JUL 07, 2015 8:35 AM PDT

Flying Rays


Picture a calm sea off the coast of Mexico. It's sunny, the waves are lapping along and then right out of nowhere comes some enormous bat-like fish, with a wing span the size of a car wheel and a long sharp tail. That would be a Mobula ray, second in size to the Manta ray and part of the same family of rays that cruise the warm ocean waters off Mexico.

The Mobulas swim in large groups and the males, while slightly larger than females, don't really stand out from crowd easily. A school of mobula rays is just a large moving mass of black and white. So, in order to show off their manly Mobular-ness, male rays will leap out of the ocean above the swimming pack, gracefully looking like they might actually take flight and then drop back down to the water's surface with a resounding belly flop. The noise they make hitting the water, attracts the attention of females and if all goes well, the males can find themselves a mate in no time. Some females get into the action too, leaping from the depths and crashing back down.

Check out this video from BBC to see the diving devil rays in action.
About the Author
  • I'm a writer living in the Boston area. My interests include cancer research, cardiology and neuroscience. I want to be part of using the Internet and social media to educate professionals and patients in a collaborative environment.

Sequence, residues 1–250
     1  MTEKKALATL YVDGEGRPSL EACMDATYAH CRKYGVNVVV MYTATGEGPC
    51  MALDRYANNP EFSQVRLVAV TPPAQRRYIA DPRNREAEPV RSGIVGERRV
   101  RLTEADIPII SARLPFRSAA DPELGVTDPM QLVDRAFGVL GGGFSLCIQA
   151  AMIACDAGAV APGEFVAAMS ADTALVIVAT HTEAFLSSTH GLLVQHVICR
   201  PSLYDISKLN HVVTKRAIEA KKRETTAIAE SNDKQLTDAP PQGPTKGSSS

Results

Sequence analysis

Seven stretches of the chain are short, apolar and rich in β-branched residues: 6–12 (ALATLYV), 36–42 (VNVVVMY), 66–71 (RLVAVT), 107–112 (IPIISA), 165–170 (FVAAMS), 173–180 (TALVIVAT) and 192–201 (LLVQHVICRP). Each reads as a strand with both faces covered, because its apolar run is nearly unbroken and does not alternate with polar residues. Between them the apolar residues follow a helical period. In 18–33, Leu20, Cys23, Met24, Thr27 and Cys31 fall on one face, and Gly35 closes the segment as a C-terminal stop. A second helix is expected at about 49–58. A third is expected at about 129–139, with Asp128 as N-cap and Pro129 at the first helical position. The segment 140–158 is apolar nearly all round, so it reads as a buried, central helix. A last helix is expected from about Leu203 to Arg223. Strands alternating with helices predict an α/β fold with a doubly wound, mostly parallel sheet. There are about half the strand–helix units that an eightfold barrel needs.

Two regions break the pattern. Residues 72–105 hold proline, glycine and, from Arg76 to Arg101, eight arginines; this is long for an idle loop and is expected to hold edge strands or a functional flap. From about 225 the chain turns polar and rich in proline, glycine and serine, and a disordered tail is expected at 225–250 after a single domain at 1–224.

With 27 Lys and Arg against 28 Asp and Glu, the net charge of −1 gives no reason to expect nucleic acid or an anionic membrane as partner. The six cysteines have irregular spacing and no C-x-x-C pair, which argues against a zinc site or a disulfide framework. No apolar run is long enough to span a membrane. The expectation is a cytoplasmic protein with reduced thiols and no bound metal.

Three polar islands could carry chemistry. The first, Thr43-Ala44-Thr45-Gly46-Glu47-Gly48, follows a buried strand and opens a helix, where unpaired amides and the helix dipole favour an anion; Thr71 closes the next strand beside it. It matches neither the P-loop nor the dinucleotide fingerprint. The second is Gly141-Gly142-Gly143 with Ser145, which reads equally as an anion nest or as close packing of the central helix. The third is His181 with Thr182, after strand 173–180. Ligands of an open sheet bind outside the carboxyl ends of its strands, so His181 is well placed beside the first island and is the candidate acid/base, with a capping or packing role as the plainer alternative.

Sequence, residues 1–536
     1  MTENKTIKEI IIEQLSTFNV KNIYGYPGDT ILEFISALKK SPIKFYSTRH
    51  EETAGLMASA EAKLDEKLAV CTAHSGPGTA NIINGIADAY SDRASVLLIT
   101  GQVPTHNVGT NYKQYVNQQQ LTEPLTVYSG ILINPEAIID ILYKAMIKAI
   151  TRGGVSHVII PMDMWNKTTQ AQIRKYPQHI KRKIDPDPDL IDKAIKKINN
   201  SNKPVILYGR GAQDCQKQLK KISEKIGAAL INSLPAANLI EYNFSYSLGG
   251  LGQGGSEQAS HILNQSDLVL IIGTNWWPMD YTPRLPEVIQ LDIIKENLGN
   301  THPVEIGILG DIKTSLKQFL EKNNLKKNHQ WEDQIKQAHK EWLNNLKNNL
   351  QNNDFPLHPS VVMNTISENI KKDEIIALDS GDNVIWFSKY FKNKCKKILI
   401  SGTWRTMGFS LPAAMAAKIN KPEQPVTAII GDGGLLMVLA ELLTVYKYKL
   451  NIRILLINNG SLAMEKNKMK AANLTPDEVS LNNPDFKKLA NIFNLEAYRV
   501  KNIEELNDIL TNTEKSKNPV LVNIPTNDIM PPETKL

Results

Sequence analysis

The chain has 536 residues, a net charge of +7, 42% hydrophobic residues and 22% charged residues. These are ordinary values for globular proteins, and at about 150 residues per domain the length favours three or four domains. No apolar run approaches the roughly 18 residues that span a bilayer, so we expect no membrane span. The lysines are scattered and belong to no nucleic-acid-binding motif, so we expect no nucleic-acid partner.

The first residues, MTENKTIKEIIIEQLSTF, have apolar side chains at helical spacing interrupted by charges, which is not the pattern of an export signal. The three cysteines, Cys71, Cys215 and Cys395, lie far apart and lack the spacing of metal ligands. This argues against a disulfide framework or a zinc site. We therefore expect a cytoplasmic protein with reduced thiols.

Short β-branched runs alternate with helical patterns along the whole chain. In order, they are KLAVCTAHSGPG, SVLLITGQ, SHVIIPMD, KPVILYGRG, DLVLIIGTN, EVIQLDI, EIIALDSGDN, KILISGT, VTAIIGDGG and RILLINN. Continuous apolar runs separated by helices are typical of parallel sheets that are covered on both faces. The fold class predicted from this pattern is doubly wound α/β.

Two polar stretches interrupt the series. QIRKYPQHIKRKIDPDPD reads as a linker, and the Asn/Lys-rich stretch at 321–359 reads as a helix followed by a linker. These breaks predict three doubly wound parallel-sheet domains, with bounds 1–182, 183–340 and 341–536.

You May Also Like
MAR 20, 2020
Cardiology
MAR 20, 2020
Exercise For Persons With COPD
The thought of starting an exercise program can be daunting, particularly for those who have been diagnosed with chronic ...
MAR 30, 2020
Plants & Animals
MAR 30, 2020
Packs of Humboldt Squid Rise From the Deep to Feed
Deep-sea dwellers are among some of the most intriguing marine creatures in the world, partly because it isn’t ver ...
APR 07, 2020
Space & Astronomy
APR 07, 2020
Here's The Reason Why Space is Black
Anyone who can tilt their head up enough to glance at the night sky would be able to tell you that outer space looks bla ...
APR 15, 2020
Chemistry & Physics
APR 15, 2020
Pandemic Maths: Why Time Doesn't Matter in Understanding Infection Trajectory
There's no doubt that a lot of our current attention goes to the COVID-19 infection cases, as media outlets publish ...
MAY 01, 2020
Chemistry & Physics
MAY 01, 2020
John Conway: the Late Maths Legend and His Game of Life
If maths is the only universal language, then John Horton Conway is among the few who can speak it perfectly. Unfortunat ...
MAY 21, 2020
Chemistry & Physics
MAY 21, 2020
The Nature of Glass Still Dumbfounds Scientists
There are many things we humans have come to perfect, but don't yet fully understand. Take glass for example, scientists ...
Loading Comments...